Should I be humidifying my guitar? All I've been doing is keeping it in my case when I'm not playing it.
#8
Quote by Starglider
Should I be humidifying my guitar? All I've been doing is keeping it in my case when I'm not playing it.


If it's a high end guitar that's not lacqered then yes. If it's a practice guitar that's painted and lacqered I wouldn't worry about it. My guitar has survived the ups and downs of the Midwest weather and two tours in Iraq (up to 140 degree temp).

Also if this is a practice guitar I might recommened brass bridge pins as they're less of a hassle. I change my strings alot and they make it 1000x easier and quicker to replace. The sustain was slightly increased, but I didn't hear a noticeable difference in brightness.

Bry
#9
I believe it is lacquered (that's what causes the glossy look to the top, right?).

It's a mid-range guitar (Ibanez AW100ECE). I'm not sure whether it qualifies as a "practice guitar" or not. I use it for practice, as it is my only guitar, but I want to keep it in good condition because I'm in love with it.

If I should be humidifying it, how would I go about this?
#10
Yeah that's a pretty decent guitar. I honestly have never humidifyed mine so I can't field any questions in that respect. I'd PM CorduroyEW and ask him what he thinks. I'm not sure but is it a good idea to humidify it with electronics? Like I said I don't know anything about it so I'd ask him. Post it on here so the rest of us can learn though!

Bry
#11
^--- to humidify your guitar... buy a guitar humidifier you can usually pick one up at any music shop for between 10 and 60 bucks, depending on how fancy you want it. don't worry about the humidifier messing up the electronics in your guitar... it won't. i use these guys in my guitars and they work great:

http://www.musiciansfriend.com/product/Planet-Waves-Body-Guard-Humidifier?sku=420552
#12
You want to keep your guitar at 40 to 60% humidity. In the summer the humidity is typically too high. In the winter the humidity is typically too low. As a rule of thumb, if you are heating your home you need to use a humidifyer, if not then you don't. There are exceptions to the rule tho... for example I live in wales where it's always too wet and I ALWAYS use a dehumidifyer even when I'm heating my home.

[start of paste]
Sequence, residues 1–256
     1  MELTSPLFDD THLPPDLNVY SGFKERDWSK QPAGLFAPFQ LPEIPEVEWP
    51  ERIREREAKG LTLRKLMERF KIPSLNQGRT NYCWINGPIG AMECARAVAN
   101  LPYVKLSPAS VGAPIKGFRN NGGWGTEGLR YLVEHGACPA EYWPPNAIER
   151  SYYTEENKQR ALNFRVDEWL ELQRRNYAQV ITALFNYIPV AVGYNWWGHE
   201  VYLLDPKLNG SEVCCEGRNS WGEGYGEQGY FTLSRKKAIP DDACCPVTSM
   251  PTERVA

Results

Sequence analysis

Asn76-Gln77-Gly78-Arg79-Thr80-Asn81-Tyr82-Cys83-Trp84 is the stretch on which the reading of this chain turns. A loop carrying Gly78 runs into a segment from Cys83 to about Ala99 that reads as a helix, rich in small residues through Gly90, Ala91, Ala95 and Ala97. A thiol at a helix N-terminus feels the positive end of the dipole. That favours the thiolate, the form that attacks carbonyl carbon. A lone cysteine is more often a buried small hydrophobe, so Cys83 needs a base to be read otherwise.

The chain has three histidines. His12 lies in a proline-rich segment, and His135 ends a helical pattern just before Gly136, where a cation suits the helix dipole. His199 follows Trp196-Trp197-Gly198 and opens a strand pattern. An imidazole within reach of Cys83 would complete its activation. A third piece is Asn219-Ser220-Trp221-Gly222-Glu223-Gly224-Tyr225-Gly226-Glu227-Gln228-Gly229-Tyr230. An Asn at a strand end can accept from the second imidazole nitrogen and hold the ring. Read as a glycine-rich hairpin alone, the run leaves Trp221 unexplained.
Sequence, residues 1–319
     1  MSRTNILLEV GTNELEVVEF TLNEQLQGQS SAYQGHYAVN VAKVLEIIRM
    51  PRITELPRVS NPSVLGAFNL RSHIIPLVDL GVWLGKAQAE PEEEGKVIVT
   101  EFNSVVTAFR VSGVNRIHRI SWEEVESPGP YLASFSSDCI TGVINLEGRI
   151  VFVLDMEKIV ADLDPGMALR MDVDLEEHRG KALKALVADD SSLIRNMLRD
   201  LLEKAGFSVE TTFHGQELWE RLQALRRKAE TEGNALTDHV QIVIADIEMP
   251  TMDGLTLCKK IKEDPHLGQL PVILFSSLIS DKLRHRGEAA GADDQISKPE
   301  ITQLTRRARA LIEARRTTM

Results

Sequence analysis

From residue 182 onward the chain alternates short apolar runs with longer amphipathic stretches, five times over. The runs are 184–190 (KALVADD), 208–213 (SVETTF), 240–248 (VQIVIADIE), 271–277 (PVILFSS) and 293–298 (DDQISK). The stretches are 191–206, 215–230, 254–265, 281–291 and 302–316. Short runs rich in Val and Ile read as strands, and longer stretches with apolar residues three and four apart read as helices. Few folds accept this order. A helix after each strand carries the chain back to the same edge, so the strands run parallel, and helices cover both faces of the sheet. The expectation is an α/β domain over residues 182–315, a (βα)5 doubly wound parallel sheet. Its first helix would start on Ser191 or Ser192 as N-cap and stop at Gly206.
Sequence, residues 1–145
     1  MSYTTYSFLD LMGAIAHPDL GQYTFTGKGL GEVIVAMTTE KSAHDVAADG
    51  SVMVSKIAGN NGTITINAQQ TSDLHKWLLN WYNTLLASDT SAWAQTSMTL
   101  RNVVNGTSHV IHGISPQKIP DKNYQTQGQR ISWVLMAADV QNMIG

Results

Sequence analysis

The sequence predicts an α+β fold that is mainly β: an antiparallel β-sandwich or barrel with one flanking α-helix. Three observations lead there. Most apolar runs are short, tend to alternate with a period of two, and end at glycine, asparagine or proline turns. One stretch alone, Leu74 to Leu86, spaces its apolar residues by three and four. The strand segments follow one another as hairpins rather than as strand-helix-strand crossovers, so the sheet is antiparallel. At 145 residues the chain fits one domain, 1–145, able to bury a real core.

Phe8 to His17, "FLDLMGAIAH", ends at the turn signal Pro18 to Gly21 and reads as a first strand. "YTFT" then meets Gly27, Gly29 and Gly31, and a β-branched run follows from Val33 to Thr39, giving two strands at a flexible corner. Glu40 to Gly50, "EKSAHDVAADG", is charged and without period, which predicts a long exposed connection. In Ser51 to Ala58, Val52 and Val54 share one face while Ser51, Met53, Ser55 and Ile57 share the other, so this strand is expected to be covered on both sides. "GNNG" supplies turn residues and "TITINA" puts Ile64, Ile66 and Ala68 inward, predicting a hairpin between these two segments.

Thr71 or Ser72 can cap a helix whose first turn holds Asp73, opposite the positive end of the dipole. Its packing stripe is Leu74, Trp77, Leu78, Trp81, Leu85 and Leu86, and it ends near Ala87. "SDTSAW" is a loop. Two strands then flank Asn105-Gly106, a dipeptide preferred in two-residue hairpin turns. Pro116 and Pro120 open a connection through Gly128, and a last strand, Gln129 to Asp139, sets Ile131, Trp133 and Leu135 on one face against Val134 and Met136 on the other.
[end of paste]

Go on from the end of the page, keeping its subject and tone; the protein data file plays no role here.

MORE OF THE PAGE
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#13
Oh ****, then my guitar is like half ****ed. What if I normally turn the AC on in my room?
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#14
AC brings humidity down.

When the humidity is too high it isn't *that* big of a deal. It makes them sound kind of dead but thats it. The low humidity is what really hurts your guitar. That is why they make such a big deal about humidifying your guitar but you never here about dehumidifying.
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#15
The heating/cooling system in our house also includes humidifying. Does that mean I'm ok?
#16
it might but the ony way to know for sure is to check the humidity in your house. A digital humidity gaudge is only abot $30 so if you are really worried then you could always get one and see
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#17
Quote by Bryan52803
If it's a high end guitar that's not lacqered then yes. If it's a practice guitar that's painted and lacqered I wouldn't worry about it. My guitar has survived the ups and downs of the Midwest weather and two tours in Iraq (up to 140 degree temp).

Also if this is a practice guitar I might recommened brass bridge pins as they're less of a hassle. I change my strings alot and they make it 1000x easier and quicker to replace. The sustain was slightly increased, but I didn't hear a noticeable difference in brightness.

Bry

Weird, the plastic ones work for me, the brass ones pop out.